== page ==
West Ireland

The western side of Ireland is home to dramatic coastlines, a cluster of small islands, peninsulas, and ports. Visit the renowned destinations including Galway, Connemara, Aran Islands, Westport, Mayo, Clare and Croagh Patrick. Galway, the City of the Tribes, is a beautiful place with its colorful cafes, cobblestone streets, traditional pubs, boutiques, and art galleries. Approximately two hours from Galway is Westport, a town in County Mayo, where you can explore the popular attractions including pilgrims' destination Croagh Patrick, surfers' point Achill Island and Clew Bay with hundreds of islands.


Northwest Ireland and Lakelands

This part of Ireland spans over County Donegal with its scenic mountain range, rugged coasts and great food, County Caven boasting joyous festivals, watersports opportunities at Erne River, and forested trails, County Leitrim divided by Lough Allen and possessing the most picturesque sights, County Monaghan interspersed with many lakes and mountains and County Sligo small but surprisingly beautiful.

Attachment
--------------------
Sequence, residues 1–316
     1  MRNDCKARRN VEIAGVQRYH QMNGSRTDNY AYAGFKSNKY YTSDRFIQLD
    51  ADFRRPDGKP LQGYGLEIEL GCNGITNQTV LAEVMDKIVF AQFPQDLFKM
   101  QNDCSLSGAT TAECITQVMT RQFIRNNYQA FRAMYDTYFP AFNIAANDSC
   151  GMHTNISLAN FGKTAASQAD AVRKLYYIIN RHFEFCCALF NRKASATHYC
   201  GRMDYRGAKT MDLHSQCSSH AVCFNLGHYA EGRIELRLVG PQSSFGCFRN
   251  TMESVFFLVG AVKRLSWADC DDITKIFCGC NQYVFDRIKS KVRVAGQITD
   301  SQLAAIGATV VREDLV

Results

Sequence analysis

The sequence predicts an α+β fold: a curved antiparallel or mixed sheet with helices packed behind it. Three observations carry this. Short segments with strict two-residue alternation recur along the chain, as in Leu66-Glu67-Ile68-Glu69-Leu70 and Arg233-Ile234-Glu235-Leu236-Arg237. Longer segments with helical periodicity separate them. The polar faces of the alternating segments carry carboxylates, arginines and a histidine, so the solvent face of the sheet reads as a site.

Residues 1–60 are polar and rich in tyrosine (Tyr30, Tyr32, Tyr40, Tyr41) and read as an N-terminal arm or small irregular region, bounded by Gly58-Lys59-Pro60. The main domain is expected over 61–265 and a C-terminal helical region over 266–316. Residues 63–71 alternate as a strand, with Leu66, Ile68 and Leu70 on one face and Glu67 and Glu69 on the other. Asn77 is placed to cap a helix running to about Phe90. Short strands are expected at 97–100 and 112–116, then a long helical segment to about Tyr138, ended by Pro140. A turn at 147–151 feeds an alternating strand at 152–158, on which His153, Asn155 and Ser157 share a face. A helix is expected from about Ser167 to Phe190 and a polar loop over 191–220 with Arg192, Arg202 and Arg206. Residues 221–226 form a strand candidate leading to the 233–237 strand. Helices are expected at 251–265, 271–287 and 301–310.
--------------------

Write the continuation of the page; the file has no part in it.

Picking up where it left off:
Southeast Ireland

The Sunny Southeast has the best weather - think sundrenched days and pleasant breeze. It has attractive cities thriving with life, secluded beaches and camping opportunities, and historically significant places. County Carlow is famous for its flourishing scenery, active nightlife, and contemporary culture. County Kilkenny is noted for its medieval sites. There is County Waterford boasting pristine beaches and crystals and finally County Wexford, the best place to camp!

Food & Local Cuisine